What does this concert sound like? It sounds like what it is: a remarkable document of one of the better bands of its time, performing live with palpable purpose and passion, achieving something pretty close to perfect.
There is considerable controversy surrounding this anxiously awaited release. For Neil Young fans, this is an unexpected gift -- a live show of the first, short-lived incarnation of Crazy Horse in all their ragged glory. For Neil Young freaks, this is an overdue, unconscionably abbreviated version of a two-night stand at the Fillmore East that has long been legend. The verdict? For anyone who enjoys good music, this is a no brainer that comes heartily recommended, period.
Long story short: it is well known amongst aficionados that the always enigmatic Young has compiled a veritable treasure trove of live recordings that he -- in typical fashion -- predicted would begin to see the light of day over a decade ago. The hope was -- and remains -- that this disc signals only the beginning of a thorough appraisal of Young's live career via "official" bootlegs, drawing inevitable comparisons to Bob Dylan's critically worshipped and well-received series of sanctioned releases. So far so good. So what's the problem? Well, this particular concert (actually a two-night engagement: March 6 & 7, 1970) was more than twice as long as the material collected and presented, leading to inexorable, and somewhat understandable claims of carelessness and even greed. If this inaugural release does not warrant a two-disc set, why not at least use up all 80 minutes available on the one disc (or 60, or 50)? Clocking in at 43 minutes, it is not unreasonable for the consumer to feel a tad cheated, particularly in our pirating-for-free era that has given rise to an online community that illicitly trades live recordings. One might conjecture that the bean counters at Reprise Records would want to entice as many legal and lucrative transactions as possible. Of course, there is the rub: how long until we see the "original, remastered and complete" version of this show hitting the streets for double the price?
For all the folks aghast that Neil Young did not contribute detailed liner notes, or commission a self-serving essay by a pointy-headed musicologist, they should be the first ones to understand that this is not how the man operates. Indeed, the fact that Young is still alive and kicking and making music is sufficient cause for respect, and appreciation (and possibly awe: Young lived as hard and fast as many of his compatriots, yet his pace and output have scarcely slackened over the years). In short and in sum, one can hardly fault him for refusing to rest (or rust) on his laurels and journey through the past -- he already lived it, and he's still living.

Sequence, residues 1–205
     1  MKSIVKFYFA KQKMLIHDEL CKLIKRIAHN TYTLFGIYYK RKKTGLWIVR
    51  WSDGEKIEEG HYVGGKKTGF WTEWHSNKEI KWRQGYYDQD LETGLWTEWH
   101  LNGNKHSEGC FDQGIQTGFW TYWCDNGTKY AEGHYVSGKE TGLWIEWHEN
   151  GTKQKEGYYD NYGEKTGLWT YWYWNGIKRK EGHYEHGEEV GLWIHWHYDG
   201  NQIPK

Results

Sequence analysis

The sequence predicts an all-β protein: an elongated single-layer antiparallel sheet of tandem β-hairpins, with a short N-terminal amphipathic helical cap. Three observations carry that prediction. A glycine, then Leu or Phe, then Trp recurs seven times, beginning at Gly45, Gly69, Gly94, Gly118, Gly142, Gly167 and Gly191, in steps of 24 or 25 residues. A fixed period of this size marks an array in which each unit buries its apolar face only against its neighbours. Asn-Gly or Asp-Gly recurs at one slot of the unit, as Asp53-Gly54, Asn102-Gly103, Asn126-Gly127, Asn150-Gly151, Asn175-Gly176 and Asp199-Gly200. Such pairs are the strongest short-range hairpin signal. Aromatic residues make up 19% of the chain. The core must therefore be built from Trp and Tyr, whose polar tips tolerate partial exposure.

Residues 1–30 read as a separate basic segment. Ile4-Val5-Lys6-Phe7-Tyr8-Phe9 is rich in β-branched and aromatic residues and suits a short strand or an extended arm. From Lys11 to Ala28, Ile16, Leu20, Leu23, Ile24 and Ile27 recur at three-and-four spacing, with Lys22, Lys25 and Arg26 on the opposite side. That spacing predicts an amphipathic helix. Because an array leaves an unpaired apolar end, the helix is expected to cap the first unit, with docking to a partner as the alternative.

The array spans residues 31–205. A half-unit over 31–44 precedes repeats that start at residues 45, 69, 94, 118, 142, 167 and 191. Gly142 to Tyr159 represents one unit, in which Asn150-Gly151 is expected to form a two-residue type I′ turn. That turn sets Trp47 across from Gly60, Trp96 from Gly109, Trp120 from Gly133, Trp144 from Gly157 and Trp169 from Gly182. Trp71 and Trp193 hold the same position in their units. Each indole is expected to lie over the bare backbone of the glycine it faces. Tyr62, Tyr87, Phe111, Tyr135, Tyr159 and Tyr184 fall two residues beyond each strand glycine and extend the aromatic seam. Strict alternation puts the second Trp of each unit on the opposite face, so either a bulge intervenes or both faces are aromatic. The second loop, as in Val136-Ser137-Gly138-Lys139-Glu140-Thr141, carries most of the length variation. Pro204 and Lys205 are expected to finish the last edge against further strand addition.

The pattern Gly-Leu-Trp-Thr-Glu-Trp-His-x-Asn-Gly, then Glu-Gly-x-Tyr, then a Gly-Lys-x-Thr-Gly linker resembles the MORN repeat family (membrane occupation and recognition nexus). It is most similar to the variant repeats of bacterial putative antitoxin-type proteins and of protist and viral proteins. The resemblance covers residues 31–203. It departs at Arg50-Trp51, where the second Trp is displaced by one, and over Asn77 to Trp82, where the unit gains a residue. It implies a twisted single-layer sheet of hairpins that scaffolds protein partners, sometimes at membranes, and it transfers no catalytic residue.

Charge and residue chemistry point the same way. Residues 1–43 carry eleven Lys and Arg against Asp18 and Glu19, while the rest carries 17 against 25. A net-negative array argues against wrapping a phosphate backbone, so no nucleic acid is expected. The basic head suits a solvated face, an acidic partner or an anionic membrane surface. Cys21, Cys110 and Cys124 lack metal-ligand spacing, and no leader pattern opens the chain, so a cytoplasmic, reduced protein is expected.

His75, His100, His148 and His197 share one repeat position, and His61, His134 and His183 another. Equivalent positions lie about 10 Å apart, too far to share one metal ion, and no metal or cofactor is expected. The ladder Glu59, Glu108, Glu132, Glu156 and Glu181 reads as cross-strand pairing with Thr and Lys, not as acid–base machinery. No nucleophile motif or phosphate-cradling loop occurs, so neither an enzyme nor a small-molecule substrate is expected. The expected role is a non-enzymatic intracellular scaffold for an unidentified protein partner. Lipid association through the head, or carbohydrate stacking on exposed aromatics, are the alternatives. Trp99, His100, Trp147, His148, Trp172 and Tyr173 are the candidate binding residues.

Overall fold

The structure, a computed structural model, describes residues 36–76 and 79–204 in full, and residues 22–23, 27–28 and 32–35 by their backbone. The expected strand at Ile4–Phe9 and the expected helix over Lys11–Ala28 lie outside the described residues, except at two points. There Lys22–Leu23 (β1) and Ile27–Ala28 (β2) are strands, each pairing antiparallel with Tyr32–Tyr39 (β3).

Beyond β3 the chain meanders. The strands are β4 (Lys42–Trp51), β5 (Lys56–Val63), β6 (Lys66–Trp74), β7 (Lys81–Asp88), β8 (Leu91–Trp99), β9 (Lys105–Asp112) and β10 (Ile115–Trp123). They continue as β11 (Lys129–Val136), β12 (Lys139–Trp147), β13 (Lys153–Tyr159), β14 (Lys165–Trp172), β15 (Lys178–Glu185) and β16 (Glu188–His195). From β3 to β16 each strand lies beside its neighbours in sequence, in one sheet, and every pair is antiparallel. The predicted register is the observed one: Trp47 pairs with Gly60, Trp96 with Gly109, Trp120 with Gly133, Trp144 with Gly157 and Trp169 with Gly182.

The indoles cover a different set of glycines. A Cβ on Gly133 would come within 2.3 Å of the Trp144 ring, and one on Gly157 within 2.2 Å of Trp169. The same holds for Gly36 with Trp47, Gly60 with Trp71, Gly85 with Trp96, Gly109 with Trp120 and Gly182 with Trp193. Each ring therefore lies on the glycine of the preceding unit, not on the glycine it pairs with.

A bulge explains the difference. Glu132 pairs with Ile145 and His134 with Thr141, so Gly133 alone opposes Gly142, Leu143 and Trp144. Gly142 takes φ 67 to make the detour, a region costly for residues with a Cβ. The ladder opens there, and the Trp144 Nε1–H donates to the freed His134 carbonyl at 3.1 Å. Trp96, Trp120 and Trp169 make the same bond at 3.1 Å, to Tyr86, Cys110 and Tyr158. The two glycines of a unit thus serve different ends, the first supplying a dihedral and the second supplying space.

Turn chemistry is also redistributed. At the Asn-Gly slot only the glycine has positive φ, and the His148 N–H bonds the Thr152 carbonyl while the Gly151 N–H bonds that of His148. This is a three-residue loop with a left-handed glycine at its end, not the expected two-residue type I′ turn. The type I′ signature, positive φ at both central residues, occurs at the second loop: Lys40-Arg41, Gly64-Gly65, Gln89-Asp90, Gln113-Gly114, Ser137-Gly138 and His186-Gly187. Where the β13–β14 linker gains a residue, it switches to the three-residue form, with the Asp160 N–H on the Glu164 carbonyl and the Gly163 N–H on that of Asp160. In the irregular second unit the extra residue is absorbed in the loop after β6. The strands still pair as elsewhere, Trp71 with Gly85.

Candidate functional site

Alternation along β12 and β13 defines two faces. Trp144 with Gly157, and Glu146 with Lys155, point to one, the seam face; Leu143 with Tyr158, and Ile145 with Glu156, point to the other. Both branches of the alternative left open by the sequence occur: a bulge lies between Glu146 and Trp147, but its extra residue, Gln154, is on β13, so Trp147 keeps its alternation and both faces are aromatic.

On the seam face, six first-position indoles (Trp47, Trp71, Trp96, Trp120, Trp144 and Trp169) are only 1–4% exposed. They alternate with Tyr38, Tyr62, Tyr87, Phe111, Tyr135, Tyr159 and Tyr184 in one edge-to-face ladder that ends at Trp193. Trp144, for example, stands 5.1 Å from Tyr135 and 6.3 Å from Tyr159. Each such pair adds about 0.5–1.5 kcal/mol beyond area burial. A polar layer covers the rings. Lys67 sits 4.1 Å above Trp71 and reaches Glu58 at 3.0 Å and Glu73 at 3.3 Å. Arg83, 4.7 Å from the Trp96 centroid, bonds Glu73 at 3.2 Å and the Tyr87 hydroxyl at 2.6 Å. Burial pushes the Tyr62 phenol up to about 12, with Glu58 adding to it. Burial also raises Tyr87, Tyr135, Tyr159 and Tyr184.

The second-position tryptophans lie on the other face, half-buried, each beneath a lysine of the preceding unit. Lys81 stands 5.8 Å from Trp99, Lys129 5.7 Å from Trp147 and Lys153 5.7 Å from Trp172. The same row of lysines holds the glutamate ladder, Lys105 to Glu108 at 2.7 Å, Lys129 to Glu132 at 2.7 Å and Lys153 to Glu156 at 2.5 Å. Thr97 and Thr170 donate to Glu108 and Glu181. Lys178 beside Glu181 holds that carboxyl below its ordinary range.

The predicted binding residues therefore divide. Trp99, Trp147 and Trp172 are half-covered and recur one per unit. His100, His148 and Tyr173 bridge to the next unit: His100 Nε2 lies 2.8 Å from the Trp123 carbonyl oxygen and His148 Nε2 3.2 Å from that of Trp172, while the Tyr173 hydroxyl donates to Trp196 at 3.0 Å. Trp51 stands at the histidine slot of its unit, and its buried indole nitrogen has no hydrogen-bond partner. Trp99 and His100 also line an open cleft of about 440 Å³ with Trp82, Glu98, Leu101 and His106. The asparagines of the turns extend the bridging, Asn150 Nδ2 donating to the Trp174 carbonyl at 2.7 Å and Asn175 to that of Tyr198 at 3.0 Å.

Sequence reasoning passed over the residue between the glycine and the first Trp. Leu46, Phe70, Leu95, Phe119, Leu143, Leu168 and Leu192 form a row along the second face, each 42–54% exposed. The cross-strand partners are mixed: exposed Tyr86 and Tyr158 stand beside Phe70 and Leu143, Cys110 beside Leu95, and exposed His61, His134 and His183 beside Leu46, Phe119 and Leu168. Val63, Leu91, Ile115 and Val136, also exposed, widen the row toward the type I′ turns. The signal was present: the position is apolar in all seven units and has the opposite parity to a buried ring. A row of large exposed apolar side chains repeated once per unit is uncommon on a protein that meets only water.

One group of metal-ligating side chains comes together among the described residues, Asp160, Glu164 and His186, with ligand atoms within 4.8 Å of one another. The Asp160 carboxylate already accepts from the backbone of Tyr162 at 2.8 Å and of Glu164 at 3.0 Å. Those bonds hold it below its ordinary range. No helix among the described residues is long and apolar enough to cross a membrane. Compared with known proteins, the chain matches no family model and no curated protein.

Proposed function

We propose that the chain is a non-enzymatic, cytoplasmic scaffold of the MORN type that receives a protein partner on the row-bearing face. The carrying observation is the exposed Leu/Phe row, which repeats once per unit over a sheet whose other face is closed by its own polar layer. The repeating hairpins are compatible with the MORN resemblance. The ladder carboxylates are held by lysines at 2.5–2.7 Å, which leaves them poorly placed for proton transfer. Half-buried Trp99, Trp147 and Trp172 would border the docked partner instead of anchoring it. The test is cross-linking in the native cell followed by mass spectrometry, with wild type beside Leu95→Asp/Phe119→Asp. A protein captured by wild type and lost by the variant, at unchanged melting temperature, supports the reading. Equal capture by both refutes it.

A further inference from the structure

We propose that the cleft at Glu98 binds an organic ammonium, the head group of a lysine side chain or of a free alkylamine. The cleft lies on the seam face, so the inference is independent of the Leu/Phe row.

Ancillary baggage hopefully accounted for and dispatched with, only one issue remains: what does this concert sound like? It sounds like what it is: a remarkable document of one of the better bands of its time, performing live with palpable purpose and passion, achieving something pretty close to perfect. To appreciate why Young seems so enervated on these proceedings, it's important to remember that he was, at the time, emerging from the first of many moves that seemed inscrutable and career-killing when he made them-in this instance having bolted from the hugely popular and influential band Buffalo Springfield. His first, eponymous solo album was somewhat slight, but still wonderful in its way, not straying too far from the distinctively psychedelic folk sound he'd developed in the mid-to-late '60s. It was the following year, on his second album, that rock's real chameleon made his first major transformation. No one could have predicted the way Young -- and his new band Crazy Horse -- would sound because no band ever sounded like them before.
Their masterpiece, Everybody Knows This Is Nowhere is the big bang that spawned guitar grunge and the iconoclastic figure the flannel-clad Young cuts on the album cover, of course, would find its way onto countless stages and music videos more than 20 years later. Everybody Knows This Is Nowhere is as unvarnished and unpretentious as rock ever got, and that is one of the myriad reasons it has retained its unique vitality to this day. The production is clear and crisp, but it has that garagey vibe that has caused more than a few fans to wonder: what did these guys sound like live? The answer, finally available for those not fortunate enough to be around them in 1970, is, unbelievably: better.